• Zohar Rotem

    The Fifth Child did not disappear s/he is here and everywhere in modern North American Judaism.


    Research conducted by Big Tent Judaism/Jewish Outreach Institute (JOI) shows that adult children of intermarriage are often highly interested in Jewish engagement, but face barriers to acting on this interest in the context of Jewish institutions.


    Zohar Rotem, Manager of Research and Evaluation
    Big Tent Judaism/Jewish Outreach Institute

  • Jonathan Slater

    Rabbi Korobkin’s generalization about historical evidence for the attenuation of Jewish lineage as a result of intermarriage is fallacious. Historically, Jewish continuance has been far more threatened by forced dispersion of and overt acts of violence against Jewish communities. In the modern era, especially post-emancipation, the increased prevalence of pluralistic, open societies has abetted the free mingling of Jews within the community-at-large. This phenomenon is also true of many other demographic groups and is not limited to Jews alone. The challenge in such an environment then becomes, as Rabbi Grushcow implies, one of seeking ways to open paths to participation by the families of intermarried couples, rather than placing obstacles in their way merely because of specious ideological arguments.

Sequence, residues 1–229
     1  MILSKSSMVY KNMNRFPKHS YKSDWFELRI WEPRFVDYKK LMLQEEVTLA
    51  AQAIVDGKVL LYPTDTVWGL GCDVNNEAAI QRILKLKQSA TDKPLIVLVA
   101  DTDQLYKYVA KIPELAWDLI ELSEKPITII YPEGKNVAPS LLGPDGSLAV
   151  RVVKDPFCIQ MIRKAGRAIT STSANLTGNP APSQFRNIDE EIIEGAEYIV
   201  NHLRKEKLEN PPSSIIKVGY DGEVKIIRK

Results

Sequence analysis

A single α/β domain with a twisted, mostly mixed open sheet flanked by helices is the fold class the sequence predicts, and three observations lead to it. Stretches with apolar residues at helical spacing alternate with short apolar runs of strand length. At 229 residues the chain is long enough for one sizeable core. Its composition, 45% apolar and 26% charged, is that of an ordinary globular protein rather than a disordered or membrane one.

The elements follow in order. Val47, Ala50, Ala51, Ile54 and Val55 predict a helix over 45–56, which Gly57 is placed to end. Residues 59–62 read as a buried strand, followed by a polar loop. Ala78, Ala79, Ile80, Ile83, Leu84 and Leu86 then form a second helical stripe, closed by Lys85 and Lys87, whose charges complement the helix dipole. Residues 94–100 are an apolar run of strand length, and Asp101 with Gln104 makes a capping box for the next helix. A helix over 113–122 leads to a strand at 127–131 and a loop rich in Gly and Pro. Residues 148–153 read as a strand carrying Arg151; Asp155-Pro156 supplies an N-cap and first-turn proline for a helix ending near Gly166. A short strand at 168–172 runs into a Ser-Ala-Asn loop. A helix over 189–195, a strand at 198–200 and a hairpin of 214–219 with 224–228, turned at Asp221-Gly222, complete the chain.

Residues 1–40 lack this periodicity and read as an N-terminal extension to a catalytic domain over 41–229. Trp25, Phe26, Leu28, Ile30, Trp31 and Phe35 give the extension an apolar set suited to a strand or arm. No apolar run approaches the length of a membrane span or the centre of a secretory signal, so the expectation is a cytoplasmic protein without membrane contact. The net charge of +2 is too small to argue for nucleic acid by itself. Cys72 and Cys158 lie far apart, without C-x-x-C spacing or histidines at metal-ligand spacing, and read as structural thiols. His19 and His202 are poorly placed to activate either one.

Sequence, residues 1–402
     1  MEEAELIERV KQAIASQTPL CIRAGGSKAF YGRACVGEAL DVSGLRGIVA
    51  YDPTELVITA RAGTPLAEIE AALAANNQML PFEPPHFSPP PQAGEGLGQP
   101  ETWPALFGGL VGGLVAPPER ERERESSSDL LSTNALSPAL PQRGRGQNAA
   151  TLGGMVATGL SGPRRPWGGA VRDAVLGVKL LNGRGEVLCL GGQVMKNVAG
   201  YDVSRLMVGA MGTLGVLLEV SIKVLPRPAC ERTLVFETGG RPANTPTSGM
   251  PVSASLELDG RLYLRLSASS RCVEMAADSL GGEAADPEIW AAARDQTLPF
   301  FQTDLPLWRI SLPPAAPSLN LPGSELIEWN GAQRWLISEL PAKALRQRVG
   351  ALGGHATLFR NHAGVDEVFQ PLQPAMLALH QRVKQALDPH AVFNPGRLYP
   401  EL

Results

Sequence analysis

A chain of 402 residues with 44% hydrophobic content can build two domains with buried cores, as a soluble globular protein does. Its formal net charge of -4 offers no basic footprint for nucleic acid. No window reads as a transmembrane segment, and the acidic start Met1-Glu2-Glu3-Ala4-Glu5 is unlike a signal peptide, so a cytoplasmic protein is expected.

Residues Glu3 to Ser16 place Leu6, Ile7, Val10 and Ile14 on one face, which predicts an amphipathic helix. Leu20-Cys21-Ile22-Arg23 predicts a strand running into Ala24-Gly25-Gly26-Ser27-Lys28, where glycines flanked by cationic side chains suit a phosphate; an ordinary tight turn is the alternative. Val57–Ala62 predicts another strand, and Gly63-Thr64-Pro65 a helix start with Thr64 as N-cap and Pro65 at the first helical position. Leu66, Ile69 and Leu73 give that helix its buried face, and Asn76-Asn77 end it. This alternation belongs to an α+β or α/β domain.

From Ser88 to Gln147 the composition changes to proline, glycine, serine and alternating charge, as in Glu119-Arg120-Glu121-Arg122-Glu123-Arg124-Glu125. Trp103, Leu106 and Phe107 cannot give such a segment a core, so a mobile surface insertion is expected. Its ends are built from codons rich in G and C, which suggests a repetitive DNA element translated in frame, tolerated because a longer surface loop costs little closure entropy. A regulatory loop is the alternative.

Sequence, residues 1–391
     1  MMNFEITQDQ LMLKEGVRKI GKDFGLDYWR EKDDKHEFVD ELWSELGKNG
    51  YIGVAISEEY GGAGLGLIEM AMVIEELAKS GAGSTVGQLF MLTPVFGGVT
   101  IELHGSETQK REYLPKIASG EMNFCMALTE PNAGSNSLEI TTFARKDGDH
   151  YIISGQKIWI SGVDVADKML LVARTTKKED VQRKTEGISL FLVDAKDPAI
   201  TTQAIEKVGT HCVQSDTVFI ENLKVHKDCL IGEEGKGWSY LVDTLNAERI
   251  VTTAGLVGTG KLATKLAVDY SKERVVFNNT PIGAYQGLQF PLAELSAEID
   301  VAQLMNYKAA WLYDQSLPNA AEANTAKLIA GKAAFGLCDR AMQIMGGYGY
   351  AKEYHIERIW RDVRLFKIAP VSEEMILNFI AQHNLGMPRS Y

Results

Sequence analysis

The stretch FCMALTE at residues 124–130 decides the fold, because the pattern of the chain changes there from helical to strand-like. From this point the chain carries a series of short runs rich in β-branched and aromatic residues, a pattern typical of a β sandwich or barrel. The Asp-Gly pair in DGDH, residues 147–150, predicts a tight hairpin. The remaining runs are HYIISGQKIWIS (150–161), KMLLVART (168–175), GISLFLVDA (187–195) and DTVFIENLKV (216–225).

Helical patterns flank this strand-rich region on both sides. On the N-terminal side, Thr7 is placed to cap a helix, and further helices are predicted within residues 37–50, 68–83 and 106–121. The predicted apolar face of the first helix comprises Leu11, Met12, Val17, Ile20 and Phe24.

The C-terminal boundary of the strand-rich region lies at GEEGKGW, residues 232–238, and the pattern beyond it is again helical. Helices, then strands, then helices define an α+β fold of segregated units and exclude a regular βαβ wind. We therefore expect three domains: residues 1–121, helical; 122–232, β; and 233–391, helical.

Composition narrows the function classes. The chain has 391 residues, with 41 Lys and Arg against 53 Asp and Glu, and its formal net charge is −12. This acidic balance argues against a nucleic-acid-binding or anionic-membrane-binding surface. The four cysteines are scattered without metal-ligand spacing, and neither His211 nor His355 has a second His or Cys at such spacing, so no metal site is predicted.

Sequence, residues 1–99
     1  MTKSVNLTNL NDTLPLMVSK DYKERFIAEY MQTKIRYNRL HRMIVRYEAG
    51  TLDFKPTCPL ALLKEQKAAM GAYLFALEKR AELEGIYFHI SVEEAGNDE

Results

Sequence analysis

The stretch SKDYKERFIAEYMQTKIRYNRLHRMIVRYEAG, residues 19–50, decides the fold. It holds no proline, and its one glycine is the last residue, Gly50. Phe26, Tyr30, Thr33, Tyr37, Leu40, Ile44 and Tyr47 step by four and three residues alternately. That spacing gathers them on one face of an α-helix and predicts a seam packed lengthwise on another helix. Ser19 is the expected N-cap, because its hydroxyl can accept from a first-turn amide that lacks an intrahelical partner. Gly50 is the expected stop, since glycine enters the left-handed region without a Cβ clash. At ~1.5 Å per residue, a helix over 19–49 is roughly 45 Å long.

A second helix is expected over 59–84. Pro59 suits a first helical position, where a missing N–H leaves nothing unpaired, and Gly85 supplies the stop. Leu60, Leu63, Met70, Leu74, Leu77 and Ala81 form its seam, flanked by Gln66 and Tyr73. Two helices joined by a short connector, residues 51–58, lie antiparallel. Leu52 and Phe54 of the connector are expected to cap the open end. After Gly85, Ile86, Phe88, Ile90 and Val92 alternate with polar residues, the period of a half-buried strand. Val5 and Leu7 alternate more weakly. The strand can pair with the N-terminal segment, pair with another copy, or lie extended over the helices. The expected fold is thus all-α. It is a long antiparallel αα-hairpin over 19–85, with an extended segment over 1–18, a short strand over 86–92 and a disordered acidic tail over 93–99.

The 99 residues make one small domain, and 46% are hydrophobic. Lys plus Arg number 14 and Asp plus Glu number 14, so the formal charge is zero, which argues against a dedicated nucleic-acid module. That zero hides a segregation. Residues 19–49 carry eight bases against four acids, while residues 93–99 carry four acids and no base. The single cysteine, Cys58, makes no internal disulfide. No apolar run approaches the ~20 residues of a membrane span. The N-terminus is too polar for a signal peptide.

• Alekxandra

    Great discussion! I too believe that intermarriage does not harm Jewish families intrinsically, but rather the extent to which the Jewish side of the family embraces their own Judaism. The act of conversion or inter-marriage is a brief moment in the life of a family. It is the continual study of Judaism and honouring its traditions which build up a Jewish family. I see this as a problem in the Jewish community at large. Regardless of intermarriage or not, less and less Jewish families seem to identify with being Jewish as a religion and more as a racial ethnicity or a political ideology. For Judaism itself to perpetuate from generation to generation, the traditions and teachings need to also be passed along in a meaningful way, day by day and week by week.